Ser. No. 60/064,437 filed October 31, 1997
Ser. No. 60/103,313, filed October 6, 1998,

and the following co-pending commonly assigned non-provisional applications, each filed under 53 U.S.C. 111:

Ser. No. 09/039,061 filed March 13, 1998 (pending)
Ser. No. 09/058,337 filed April 10, 1998 (now abandoned)
Ser. No. 09/058,580 filed April 10, 1998 (abandoned)
Ser. No. 09/129,105 filed August 4, 1998. (pending)

The entire contents of the above-listed pending application are hereby incorporated by reference.

FIELD OF THE INVENTION

The present invention concerns a chromatographic method for detection of mutations in nucleic acids.

BACKGROUND OF THE INVENTION

The early diagnosis of certain diseases, especially cancer, can save many lives. In the case of cancer, and other diseases of genetic origin, early detection often depends on the availability of an appropriate analytical method which can accurately and reliably detect a putative mutation in DNA samples. This problem is exacerbated by the fact that such samples generally contain a very small population of cells containing mutant DNA in the presence of a very large predominantly normal cell population containing wild type DNA. Any separation technique which is capable of detecting mutant DNA in the presence of wild type would fail under these circumstances because the concentration of mutant DNA is simply too low to be detected relative to wild type. That is to say, the concentration of mutant DNA may be too low to detect in absolute terms. Alternatively, the concentration of mutant DNA may be sufficient to detect, but will be completely obscured because of the very large relative amount of wild type in the sample.

Increasing the amount of mutant DNA by PCR amplification of the sample would not solve the problem described above. The mutant and wild type DNA in the sample are very similar. In fact, their sequence may differ by only a single base pair. Therefore, the primers which would be used to amplify the mutant DNA would also amplify the wild type since both are present in the sample. As a result, the relative amounts of mutant and wild type DNA would not change.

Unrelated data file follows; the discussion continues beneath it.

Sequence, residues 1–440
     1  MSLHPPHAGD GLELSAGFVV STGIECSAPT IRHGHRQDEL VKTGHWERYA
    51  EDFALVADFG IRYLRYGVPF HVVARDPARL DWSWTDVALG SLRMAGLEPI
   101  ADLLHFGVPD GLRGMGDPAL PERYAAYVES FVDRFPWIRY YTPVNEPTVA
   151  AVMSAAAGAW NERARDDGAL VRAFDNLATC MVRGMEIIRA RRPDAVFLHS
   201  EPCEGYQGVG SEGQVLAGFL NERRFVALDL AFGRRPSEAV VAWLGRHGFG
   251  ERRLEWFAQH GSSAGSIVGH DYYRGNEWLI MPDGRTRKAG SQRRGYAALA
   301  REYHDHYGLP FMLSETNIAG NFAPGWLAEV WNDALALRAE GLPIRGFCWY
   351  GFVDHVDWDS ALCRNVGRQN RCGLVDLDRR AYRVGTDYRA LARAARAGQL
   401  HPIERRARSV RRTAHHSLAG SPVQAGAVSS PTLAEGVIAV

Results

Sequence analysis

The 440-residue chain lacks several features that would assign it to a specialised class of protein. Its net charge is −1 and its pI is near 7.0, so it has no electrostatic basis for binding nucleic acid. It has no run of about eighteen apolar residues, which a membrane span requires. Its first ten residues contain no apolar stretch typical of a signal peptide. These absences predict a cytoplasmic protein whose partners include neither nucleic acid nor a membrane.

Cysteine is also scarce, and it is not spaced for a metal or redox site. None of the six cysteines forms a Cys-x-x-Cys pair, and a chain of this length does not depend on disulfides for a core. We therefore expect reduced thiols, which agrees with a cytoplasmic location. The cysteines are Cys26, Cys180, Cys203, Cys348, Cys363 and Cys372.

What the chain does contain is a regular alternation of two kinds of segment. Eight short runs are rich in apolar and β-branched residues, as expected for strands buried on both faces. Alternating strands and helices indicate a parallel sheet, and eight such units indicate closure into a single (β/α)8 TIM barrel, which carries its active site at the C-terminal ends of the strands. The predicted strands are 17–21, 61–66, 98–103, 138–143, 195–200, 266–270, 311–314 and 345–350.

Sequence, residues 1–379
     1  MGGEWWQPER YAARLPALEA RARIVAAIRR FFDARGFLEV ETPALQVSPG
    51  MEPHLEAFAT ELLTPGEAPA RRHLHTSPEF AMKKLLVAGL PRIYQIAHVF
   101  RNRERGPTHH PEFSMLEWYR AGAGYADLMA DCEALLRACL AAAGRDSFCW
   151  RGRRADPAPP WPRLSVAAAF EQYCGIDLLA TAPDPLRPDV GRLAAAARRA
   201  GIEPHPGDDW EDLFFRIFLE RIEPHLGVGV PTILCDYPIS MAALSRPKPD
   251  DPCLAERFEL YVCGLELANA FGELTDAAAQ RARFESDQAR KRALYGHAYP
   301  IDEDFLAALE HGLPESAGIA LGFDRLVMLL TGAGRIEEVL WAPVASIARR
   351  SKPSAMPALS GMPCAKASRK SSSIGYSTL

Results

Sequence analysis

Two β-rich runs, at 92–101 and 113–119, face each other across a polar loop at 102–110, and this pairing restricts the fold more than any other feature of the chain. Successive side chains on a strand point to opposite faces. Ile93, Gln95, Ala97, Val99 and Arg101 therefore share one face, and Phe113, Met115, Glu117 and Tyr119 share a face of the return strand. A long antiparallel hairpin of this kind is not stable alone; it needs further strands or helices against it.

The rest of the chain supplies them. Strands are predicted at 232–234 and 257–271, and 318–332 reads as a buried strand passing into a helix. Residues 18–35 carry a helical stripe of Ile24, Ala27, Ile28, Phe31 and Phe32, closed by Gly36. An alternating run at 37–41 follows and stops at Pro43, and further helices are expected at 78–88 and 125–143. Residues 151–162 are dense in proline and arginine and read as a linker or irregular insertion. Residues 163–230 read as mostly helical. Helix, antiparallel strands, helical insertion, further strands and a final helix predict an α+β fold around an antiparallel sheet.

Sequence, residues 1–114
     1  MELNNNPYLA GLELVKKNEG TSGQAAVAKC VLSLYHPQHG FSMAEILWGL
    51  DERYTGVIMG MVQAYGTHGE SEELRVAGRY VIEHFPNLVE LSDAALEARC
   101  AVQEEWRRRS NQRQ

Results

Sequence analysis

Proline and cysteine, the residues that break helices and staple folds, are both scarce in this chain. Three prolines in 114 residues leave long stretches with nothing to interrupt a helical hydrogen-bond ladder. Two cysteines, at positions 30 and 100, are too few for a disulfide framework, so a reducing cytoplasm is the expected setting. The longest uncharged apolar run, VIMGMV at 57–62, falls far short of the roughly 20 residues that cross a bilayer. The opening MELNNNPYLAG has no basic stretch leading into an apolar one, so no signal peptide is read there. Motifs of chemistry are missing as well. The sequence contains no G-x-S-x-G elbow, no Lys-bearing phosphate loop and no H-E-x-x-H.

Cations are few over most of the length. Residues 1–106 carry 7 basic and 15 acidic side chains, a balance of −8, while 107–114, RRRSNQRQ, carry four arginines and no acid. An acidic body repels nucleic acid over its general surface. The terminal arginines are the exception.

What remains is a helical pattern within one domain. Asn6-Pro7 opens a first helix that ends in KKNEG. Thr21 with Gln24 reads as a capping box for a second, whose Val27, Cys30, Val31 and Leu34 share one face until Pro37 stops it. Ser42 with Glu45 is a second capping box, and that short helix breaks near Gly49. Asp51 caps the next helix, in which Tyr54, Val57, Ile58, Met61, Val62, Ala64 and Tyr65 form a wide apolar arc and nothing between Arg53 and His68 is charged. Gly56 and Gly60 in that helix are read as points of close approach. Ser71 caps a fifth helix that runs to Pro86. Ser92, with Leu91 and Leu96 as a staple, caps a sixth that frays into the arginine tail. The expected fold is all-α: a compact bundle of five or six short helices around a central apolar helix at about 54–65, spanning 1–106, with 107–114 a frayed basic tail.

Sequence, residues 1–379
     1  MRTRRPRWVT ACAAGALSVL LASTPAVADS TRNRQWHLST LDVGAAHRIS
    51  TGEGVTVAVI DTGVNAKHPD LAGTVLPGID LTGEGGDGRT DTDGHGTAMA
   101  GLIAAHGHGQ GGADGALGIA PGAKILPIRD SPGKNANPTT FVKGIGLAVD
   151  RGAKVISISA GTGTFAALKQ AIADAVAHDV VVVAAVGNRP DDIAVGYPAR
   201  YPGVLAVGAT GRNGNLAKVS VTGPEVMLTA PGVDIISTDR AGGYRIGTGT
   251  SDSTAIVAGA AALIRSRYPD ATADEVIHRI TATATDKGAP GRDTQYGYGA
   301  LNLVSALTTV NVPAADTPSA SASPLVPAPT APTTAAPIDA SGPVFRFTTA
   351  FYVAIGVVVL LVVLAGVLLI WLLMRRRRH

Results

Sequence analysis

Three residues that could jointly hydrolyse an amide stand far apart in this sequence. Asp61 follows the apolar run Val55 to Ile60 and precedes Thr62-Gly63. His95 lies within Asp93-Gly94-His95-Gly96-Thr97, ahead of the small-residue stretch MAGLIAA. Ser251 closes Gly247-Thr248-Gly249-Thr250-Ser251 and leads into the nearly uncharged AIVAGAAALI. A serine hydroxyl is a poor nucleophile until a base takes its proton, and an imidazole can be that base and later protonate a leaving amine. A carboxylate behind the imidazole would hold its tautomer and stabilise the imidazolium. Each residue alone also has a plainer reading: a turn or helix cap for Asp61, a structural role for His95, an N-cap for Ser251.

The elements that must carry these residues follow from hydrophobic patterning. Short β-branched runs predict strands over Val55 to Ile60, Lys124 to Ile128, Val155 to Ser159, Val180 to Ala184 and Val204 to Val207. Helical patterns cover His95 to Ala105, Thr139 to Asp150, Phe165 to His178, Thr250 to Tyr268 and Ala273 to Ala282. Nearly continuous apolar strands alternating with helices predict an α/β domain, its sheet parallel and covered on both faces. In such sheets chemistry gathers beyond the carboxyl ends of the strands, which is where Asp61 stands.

Following radiation or chemotherapy, cancer patients are monitored for the presence of residual cancer cells to determine whether the patients are in remission. The effectiveness of these treatments can be monitored if small levels of residual cancer cells could be detected in a predominantly large wild type population. Traditionally, the remission status is assessed by a pathologist who conducts histological examination of tissues samples. However, these visual methods are largely qualitative, time-consuming, and costly. At best, the sensitivity of these methods permits detection of about 1 cancerous cell in 100 cells.

Analysis of DNA samples has historically been done using gel electrophoresis. Capillary electrophoresis has also been used to separate and analyze mixtures of DNA. However, these methods cannot distinguish point mutations from homoduplexes having the same base pair length.

Gel based analytical methods, such as denaturing gradient gel electrophoresis and denaturing gradient gel capillary electrophoresis, can detect mutations in heteroduplex DNA strands under “partially denaturing” conditions. The term “partially denaturing” means the separation of a mismatched base pair (caused by temperature, pH, solvent, or other known factors) in a DNA double strand while the remainder of the double strand remains intact. However, these gel based techniques are operationally difficult to implement and require highly skilled personnel. In addition, the analyses are lengthy and require a great deal of set-up time. A denaturing capillary gel electrophoresis analysis of a 90 base pair fragment takes more than 30 minutes and a denaturing gel electrophoresis analysis may take 5 hours or more. The long analysis time of the gel methodology is further exacerbated by the fact that the movement of DNA fragments in a gel is inversely proportional, in a geometric relationship, to their length. Therefore, the analysis time of longer DNA fragments can be often be untenable. Sample recovery of DNA fragments separated on a gel is difficult and time consuming, requiring specialized techniques.